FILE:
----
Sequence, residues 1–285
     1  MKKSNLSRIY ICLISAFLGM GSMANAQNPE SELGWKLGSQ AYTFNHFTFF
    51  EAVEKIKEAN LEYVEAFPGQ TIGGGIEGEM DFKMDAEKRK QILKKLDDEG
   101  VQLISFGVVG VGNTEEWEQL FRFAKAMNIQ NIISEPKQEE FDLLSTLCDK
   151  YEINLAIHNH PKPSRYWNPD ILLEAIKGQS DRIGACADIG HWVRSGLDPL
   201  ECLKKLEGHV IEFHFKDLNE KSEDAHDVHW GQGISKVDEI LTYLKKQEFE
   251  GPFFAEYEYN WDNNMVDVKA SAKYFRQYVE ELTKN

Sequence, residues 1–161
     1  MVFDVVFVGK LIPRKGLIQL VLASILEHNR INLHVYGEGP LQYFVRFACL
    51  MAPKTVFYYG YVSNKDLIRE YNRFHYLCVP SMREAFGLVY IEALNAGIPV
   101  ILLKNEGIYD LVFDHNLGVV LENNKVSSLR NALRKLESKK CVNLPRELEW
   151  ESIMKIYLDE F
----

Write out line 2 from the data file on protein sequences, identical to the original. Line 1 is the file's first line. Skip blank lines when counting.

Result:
     1  MKKSNLSRIY ICLISAFLGM GSMANAQNPE SELGWKLGSQ AYTFNHFTFF